Motifs are recurring structures, contrasts, and literary devices that can help to develop and inform the text’s major themes.

Masters and Servants

Nearly every scene in the play either explicitly or implicitly portrays a relationship between a figure that possesses power and a figure that is subject to that power. The play explores the master-servant dynamic most harshly in cases in which the harmony of the relationship is threatened or disrupted, as by the rebellion of a servant or the ineptitude of a master. For instance, in the opening scene, the “servant” (the Boatswain) is dismissive and angry toward his “masters” (the noblemen), whose ineptitude threatens to lead to a shipwreck in the storm. From then on, master-servant relationships like these dominate the play: Prospero and Caliban; Prospero and Ariel; Alonso and his nobles; the nobles and Gonzalo; Stephano, Trinculo, and Caliban; and so forth. The play explores the psychological and social dynamics of power relationships from a number of contrasting angles, such as the generally positive relationship between Prospero and Ariel, the generally negative relationship between Prospero and Caliban, and the treachery in Alonso’s relationship to his nobles.

Water and Drowning

The play is awash with references to water. The Mariners enter “wet” in Act I, scene i, and Caliban, Stephano, and Trinculo enter “all wet,” after being led by Ariel into a swampy lake (IV.i.193). Miranda’s fear for the lives of the sailors in the “wild waters” (I.ii.2) causes her to weep. Alonso, believing his son dead because of his own actions against Prospero, decides in Act III, scene iii to drown himself. His language is echoed by Prospero in Act V, scene i when the magician promises that, once he has reconciled with his enemies, “deeper than did ever plummet sound / I’ll drown my book” (V.i.56–57). These are only a few of the references to water in the play. Occasionally, the references to water are used to compare characters. For example, the echo of Alonso’s desire to drown himself in Prospero’s promise to drown his book calls attention to the similarity of the sacrifices each man must make. Alonso must be willing to give up his life in order to become truly penitent and to be forgiven for his treachery against Prospero. Similarly, in order to rejoin the world he has been driven from, Prospero must be willing to give up his magic and his power. Perhaps the most important overall effect of this water motif is to heighten the symbolic importance of the tempest itself. It is as though the water from that storm runs through the language and action of the entire play—just as the tempest itself literally and crucially affects the lives and actions of all the characters.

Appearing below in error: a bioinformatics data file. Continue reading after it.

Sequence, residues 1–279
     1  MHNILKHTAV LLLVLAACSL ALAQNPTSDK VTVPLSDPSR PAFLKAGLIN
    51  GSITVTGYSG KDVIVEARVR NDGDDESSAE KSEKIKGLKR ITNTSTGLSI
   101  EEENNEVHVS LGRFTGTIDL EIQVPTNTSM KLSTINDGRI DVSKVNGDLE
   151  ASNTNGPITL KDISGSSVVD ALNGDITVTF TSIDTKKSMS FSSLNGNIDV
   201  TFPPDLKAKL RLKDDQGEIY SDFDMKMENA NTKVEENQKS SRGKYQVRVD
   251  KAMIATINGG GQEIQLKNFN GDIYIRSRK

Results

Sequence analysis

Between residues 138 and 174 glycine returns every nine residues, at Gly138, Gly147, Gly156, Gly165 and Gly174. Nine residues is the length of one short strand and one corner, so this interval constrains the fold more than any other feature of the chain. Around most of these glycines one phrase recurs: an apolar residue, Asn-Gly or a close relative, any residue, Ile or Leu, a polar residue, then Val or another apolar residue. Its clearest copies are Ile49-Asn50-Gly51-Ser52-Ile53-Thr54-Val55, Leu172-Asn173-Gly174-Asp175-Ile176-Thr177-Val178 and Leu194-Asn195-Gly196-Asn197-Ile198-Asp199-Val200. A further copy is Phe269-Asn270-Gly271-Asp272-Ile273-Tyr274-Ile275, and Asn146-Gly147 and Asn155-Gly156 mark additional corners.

Mysterious Noises

The isle is indeed, as Caliban says, “full of noises” (III.ii.130). The play begins with a “tempestuous noise of thunder and lightning” (I.i.1, stage direction), and the splitting of the ship is signaled in part by “a confused noise within” (I.i.54, stage direction). Much of the noise of the play is musical, and much of the music is Ariel’s. Ferdinand is led to Miranda by Ariel’s music. Ariel’s music also wakes Gonzalo just as Antonio and Sebastian are about to kill Alonso in Act II, scene i. Moreover, the magical banquet of Act III, scene iii is laid out to the tune of “Solemn and strange music” (III.iii.18, stage direction), and Juno and Ceres sing in the wedding masque (IV.i.106–117). The noises, sounds, and music of the play are made most significant by Caliban’s speech about the noises of the island at III.ii.130–138. Shakespeare shows Caliban in the thrall of magic, which the theater audience also experiences as the illusion of thunder, rain, invisibility. The action of The Tempest is very simple. What gives the play most of its hypnotic, magical atmosphere is the series of dreamlike events it stages, such as the tempest, the magical banquet, and the wedding masque. Accompanied by music, these present a feast for the eye and the ear and convince us of the magical glory of Prospero’s enchanted isle.